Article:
In preparation:

I’m Gonna Tell Grandma!

by Vito Pileggi

400 pages, 6 x 9 inches

88 black & white photos and drawings

Trade paperback, eBook

“My mother wanted to write a book about us but, unfortunately, she never got to it. Had she though, she’d have chosen the title, My Six Gray Heirs, one ‘gray heir’ for each child. It crossed my mind to use her title but that would have been a little like stealing from her, wouldn’t it—as if I’d never stolen anything from her before, like a piece of her fried chicken. But instead, I chose to call my story, I’m Gonna Tell Grandma. Those words still ring in my ears. Pulling pranks was one of my favorite pastimes, my victims often being my brothers. Seldom retaliating, they squawked like a flock of spastic geese, tattling on me to Grandma. So I think the title is prefect.”

“This collection of events took place during my youth, most of them being the same stories that my mother likely would have written. Only, she would have put a slightly different slant on them. There were six of us, four boys and two girls, I the oldest. And because I was the oldest, it was I who always caught hell when something went awry. Yes poor unfortunate picked on me—the most humble and innocent of the lot. And it never did me any good to deny involvement. By the time I was ten, my vocabulary consisted of twelve words of which six were, “Who, Me? What did I do?” I’d also compiled a notebook of alibis and excuses to fit every occasion.

Our grandmother, a nice, gentle, peaceful lady when in a coma, was tough as rawhide and a strict disciplinarian. Actually, she was a peach but when she was on the prod, she could break up a union strike with her scalding voice. And whenever one of us did something wrong, she was usually the one who threatened to administer the punishment and did on occasion, but not nearly as often as we deserved.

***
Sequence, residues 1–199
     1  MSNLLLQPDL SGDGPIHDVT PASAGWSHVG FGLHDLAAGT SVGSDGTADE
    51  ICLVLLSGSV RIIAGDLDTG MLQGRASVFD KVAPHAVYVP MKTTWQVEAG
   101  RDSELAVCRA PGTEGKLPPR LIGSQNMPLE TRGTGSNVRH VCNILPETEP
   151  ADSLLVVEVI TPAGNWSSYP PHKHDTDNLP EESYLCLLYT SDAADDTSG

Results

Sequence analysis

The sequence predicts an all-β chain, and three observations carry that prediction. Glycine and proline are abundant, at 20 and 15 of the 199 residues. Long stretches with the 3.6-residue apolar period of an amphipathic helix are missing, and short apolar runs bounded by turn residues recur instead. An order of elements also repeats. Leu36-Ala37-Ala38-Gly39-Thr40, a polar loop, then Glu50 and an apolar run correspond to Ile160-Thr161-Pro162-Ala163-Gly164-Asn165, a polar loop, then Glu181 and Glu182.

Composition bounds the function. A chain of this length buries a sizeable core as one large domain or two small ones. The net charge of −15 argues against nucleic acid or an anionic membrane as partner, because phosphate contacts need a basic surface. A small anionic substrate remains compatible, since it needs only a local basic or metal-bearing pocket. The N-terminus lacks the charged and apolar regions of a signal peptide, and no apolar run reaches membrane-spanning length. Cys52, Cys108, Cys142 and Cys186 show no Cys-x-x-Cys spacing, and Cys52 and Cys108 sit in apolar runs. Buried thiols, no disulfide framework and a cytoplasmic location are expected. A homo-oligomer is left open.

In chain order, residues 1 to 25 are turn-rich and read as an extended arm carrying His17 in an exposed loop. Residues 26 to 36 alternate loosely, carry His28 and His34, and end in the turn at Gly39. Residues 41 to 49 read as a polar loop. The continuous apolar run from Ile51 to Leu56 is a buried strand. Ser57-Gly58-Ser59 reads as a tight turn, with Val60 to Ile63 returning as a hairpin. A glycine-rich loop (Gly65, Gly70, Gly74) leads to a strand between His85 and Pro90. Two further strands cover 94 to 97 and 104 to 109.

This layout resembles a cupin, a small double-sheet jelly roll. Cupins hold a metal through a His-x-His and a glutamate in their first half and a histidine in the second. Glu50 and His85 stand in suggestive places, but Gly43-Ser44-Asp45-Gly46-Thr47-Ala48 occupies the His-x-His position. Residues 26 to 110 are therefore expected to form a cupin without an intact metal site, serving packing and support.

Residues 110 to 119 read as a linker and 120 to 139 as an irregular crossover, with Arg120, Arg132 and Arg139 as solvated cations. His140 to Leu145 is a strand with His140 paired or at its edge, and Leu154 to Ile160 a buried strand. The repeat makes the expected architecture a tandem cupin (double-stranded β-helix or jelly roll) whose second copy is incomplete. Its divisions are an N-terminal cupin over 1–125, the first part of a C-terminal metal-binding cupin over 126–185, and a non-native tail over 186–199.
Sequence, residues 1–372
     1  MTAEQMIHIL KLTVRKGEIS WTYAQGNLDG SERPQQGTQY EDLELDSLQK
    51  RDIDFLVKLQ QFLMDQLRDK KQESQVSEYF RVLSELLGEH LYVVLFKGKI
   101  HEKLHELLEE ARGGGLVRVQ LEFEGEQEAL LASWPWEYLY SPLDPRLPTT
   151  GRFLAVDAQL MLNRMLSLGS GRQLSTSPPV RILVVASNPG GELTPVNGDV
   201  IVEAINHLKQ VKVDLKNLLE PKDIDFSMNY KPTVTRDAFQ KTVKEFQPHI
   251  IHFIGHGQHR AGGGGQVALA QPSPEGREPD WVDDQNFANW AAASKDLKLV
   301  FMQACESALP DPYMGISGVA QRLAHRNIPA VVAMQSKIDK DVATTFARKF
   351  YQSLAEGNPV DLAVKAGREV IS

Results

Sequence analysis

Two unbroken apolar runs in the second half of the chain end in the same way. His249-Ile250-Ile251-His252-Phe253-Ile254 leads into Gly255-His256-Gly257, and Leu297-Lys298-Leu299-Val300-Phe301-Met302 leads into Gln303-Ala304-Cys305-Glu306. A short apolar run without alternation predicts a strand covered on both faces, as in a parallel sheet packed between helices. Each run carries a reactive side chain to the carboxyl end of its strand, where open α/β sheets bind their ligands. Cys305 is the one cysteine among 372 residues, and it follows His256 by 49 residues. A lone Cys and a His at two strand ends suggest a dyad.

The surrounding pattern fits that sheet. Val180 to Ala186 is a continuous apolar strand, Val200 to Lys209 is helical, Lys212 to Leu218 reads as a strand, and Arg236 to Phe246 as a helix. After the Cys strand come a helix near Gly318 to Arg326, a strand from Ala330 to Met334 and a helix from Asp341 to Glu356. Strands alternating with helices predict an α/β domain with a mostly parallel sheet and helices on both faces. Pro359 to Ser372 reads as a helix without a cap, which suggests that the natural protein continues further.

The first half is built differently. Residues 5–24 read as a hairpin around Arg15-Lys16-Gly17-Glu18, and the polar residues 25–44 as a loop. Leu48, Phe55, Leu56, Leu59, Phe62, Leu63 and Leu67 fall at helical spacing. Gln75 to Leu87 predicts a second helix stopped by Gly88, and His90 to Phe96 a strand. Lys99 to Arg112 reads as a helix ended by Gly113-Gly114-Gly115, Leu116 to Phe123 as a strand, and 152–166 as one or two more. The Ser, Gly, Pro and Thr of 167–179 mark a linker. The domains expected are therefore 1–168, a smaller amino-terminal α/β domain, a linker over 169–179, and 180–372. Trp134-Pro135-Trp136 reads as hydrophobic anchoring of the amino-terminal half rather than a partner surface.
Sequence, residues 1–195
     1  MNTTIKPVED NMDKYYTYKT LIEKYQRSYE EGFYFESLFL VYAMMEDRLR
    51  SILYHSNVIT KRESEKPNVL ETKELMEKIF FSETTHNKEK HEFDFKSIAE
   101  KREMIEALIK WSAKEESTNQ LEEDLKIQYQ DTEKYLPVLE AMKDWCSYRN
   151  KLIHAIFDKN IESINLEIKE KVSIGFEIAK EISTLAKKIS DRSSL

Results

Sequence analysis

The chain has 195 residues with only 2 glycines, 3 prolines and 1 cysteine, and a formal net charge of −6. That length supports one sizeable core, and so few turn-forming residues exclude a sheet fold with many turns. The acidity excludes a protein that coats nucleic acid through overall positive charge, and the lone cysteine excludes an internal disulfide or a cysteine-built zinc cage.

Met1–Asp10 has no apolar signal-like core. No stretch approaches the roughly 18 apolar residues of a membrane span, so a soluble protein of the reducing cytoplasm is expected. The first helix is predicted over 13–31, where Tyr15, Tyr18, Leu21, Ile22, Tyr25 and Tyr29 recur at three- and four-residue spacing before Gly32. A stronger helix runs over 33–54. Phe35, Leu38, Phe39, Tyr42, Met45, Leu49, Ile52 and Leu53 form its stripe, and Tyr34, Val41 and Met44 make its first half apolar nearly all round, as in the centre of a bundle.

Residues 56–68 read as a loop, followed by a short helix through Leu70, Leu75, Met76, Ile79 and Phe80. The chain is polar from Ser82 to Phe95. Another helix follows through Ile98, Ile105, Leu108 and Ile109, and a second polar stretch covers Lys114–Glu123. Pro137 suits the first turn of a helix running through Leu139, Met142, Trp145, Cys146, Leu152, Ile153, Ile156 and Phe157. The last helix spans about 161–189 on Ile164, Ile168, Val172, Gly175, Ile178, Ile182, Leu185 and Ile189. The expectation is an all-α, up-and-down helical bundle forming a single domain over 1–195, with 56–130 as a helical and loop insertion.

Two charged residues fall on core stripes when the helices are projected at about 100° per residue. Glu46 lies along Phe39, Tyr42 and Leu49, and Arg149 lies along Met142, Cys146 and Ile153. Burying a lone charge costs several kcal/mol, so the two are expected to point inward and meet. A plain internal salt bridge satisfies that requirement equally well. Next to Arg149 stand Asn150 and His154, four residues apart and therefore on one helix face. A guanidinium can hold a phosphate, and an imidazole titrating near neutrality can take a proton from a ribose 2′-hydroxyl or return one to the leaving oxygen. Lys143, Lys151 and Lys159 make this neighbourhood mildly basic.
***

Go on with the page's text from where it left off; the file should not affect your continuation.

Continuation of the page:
Our family wasn’t much different from a lot of others during the times. We lived on a small farm in a tiny run-down house with no indoor plumbing and were very poor but we children didn’t realize it. After observing our cramped living conditions, an elderly friend once commented that our family reminded her of a can of sardines. Being a curious seven-year-old and never having heard those words used in that context before, I wondered why in the world she said that about us. Sardines were dead fish that smelled. Since we weren’t dead, I concluded that she thought we stunk. That seemed to explain a lot of things, one being why people referred to us as a bunch of little stinkweeds.

My folks were married during the Great Depression and I’m sure they often worried about the lack of money to run the household but having none presented no huge complications in our lives. We grew together, played together and sometimes we fought and bickered. But, in the long run, we loved and cared for each other—and still do.

If I had one wish, it would be that every child could have parents as wonderful as mine. We were given the freedom to experience life but, at the same time, we were warned to use good judgment and common sense or pay the consequences. No kid could ask for anything more. I hope you enjoy reading about the adventurous early years of my life and the lives of the people around me as much as I have enjoyed writing them. God bless you.”

—Vito Pileggi